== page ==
- Ask your friends and social media contacts if they can recommend a whale shark tour provider. Word of mouth recommendations are usually the best way to go. There are many Facebook groups and pages such as MarineBio.org and Scuba Diving that will most probably have members that have swam with whale sharks in your chosen destination. Consider their opinions but do you own checks as well. Ensure you only deal with operators that have a permit to take you to see the whale sharks.
- Once you have the names of several licensed whale shark tourism operators, look at their websites and social media pages and of course look for customer reviews. Not everyone is on TripAdvisor and this isn’t necessarily a bad thing. Maybe they use another platform such as their Facebook page for their customers’ reviews. Check these reviews carefully but don’t necessarily be put off by that one negative review from the “person” who was impossible to please unless of course what they describe are acts that may have had a detrimental impact on the whale sharks. Use the reviews to narrow your list down to two or three providers.
- Contact your short-list of providers. The way in which they respond to you will influence your final decision. Were they prompt in their replies? Friendly? Informative? Ask about the boat and most certainly ask about group sizes. By the time you exchange a few emails you will most likely have warmed to a particular provider.
- When you go on the trip itself, check that you are happy with the condition of the boat and crew and that they have a permit. This is sometimes in the form of a flag. If you don’t see it, ASK. Do not become part of a wildlife tourism problem.
- If the guide hasn’t already explained the rules and regulations to you then ask what they are. Most reputable businesses will give a boat briefing, explain the rules of interaction and give you some information about the biology of the species. If they don’t then again, ASK.
- Follow all the rules explained to you. Be considerate about others on your boat. Maybe another guest needs assistance to get a good look at a whale shark and perhaps you find yourself better placed to help them. Always look out for your fellow tourism participants and help each other to get the most from the trip.
- If you are happy with the service it is polite to tip. The amount you should tip will vary from place to place. You can maybe ask around in advance.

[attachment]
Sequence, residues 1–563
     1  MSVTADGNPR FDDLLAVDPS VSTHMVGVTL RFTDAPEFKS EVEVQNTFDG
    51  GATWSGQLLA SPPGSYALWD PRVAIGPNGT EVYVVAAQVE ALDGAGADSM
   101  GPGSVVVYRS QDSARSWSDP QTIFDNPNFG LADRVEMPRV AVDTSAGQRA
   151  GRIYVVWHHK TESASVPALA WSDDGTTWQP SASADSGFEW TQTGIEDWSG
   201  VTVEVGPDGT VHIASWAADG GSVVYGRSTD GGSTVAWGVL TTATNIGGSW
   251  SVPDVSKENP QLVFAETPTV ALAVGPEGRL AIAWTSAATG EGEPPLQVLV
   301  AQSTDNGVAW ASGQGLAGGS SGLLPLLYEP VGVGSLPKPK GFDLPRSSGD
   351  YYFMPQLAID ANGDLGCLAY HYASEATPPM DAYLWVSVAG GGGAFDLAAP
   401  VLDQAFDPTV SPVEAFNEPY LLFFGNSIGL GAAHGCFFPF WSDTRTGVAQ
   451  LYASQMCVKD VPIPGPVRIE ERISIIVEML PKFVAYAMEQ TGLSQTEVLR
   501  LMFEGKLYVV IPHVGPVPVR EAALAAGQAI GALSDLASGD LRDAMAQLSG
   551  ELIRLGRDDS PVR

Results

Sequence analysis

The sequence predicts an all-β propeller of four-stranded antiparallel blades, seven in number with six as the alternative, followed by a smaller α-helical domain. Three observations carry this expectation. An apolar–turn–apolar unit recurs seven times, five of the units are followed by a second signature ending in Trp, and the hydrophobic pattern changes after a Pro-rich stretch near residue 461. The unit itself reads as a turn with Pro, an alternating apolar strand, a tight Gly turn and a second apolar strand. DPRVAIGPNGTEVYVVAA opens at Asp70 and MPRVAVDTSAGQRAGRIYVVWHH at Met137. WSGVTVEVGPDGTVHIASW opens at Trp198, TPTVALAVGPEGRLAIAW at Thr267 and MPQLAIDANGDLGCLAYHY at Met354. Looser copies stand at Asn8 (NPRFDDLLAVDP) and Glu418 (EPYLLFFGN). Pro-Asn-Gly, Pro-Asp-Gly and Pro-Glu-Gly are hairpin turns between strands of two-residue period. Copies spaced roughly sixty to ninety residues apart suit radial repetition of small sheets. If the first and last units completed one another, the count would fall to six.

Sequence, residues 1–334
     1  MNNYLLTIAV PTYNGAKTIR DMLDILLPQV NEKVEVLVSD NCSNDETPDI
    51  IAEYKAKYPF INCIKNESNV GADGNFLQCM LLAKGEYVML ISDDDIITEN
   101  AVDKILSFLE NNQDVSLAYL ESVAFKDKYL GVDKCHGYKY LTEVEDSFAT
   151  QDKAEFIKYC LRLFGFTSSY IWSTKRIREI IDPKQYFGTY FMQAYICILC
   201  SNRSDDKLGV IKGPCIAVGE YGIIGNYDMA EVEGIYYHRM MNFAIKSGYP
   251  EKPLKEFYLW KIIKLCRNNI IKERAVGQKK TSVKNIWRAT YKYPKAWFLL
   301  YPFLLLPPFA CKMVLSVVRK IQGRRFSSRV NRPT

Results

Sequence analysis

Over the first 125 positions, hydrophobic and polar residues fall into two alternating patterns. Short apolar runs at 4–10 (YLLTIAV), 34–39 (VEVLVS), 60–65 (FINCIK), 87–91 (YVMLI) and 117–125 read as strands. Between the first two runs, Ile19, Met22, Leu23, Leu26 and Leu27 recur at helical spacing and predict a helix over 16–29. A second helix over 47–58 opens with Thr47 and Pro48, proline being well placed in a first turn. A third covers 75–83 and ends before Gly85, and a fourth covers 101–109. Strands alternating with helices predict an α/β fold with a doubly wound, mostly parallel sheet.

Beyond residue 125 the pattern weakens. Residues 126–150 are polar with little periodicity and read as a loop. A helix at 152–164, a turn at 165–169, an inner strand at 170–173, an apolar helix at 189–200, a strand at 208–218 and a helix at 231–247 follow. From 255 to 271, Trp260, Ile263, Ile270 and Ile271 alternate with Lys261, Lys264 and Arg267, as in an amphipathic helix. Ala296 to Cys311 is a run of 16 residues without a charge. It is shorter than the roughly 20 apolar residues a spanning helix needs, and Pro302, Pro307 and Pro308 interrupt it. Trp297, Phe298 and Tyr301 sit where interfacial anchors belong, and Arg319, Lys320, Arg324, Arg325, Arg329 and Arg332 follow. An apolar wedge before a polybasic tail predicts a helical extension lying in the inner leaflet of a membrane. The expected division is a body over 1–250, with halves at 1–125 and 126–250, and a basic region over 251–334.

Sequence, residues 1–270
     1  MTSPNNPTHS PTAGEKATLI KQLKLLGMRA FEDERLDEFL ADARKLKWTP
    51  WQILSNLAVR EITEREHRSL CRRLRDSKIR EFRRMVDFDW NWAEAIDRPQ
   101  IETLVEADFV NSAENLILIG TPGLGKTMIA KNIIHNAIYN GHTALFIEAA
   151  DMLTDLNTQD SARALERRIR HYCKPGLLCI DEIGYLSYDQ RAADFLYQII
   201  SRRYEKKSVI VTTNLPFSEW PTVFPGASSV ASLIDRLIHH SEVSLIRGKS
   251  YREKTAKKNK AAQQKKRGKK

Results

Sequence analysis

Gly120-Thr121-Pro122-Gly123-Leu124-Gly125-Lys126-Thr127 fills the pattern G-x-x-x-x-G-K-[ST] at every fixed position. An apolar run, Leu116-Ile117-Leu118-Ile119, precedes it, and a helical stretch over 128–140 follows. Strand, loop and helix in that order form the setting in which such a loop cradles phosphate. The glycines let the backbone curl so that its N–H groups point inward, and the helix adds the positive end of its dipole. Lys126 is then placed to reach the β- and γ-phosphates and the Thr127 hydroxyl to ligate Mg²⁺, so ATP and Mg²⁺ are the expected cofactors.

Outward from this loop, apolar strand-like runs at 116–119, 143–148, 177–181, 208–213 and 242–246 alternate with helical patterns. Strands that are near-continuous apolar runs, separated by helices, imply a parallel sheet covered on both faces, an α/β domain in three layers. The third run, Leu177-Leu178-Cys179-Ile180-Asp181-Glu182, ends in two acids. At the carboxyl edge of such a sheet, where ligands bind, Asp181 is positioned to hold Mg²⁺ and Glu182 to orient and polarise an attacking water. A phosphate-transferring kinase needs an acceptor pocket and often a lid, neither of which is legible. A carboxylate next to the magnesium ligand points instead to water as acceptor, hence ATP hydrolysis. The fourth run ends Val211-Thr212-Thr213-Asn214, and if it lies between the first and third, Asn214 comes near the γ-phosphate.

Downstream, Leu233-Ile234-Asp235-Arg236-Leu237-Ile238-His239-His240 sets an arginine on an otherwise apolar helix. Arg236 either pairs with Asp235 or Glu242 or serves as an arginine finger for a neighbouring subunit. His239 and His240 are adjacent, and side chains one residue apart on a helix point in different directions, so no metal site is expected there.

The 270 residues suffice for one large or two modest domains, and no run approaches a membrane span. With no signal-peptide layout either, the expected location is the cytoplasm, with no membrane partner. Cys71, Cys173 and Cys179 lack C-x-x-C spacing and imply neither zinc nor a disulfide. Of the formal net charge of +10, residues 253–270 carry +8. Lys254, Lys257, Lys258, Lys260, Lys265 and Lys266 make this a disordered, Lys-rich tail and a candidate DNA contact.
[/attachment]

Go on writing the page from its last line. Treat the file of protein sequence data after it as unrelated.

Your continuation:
- Be aware that in some cases the people that have some of the most amazing experiences with creatures in the marine environment have earned it through spending much time in the water. The more times you go, the more experiences you will have.
- Leave an honest review. Base the review on the service and information you received, not on how many whale sharks you saw. Whale sharks are of course wild animals and they will do what they please and go where they want and no operator can influence that. If you happen to have the experience of a lifetime then that is great but don’t forget to consider the service you received.
- Finally, share your experience with the people in your circles. Wildlife tourism is a fantastic tool in raising awareness about the marine environment and threatened marine species.
Whale Shark Diaries
Whale shark encounter tripsWith Whale Shark Diaries you can swim with whale sharks in a responsible way. Maybe the best part is that a marine biologist will join the trip, and you can ask as many questions as you wish! Swim with whale sharks in La Paz, BCS, Mexico whilst directly contributing to the conservation of this endangered species. Read more here: Whale Shark Diaries - Whale Shark Trips
Whale shark internshipAnother great thing you can go at Whale Shark Diaries is an internship, how awesome! During this conservation biologist internship you learn and study more about photo identification, migratory paths and injury analysis. It is not necessary to have a degree in biology to participate, various levels are possible. Learn more here: Whale Shark Diaries - Conservation Internship Program
Whale shark mural that was painted by the children for World Oceans Day!
Our project in Mexico: Raising awareness about whale sharks through school presentations and activitiesIn collaboration with Montessori Del Cabo, Ocean Sanctuaries, Dive O’Clock and World Oceans Day Jay Gittens organized various school presentations and activities for local children in La Paz, Mexico.
The project was a great success and especially the instant results were amazing! Read all about it here: “The future belongs to the children” . Please share this post to raise awareness for responsible whale shark tourism!
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Founder of Dive O'Clock "It's dive o'clock somewhere!"
Founder of Dive O'Clock "It's dive o'clock somewhere!"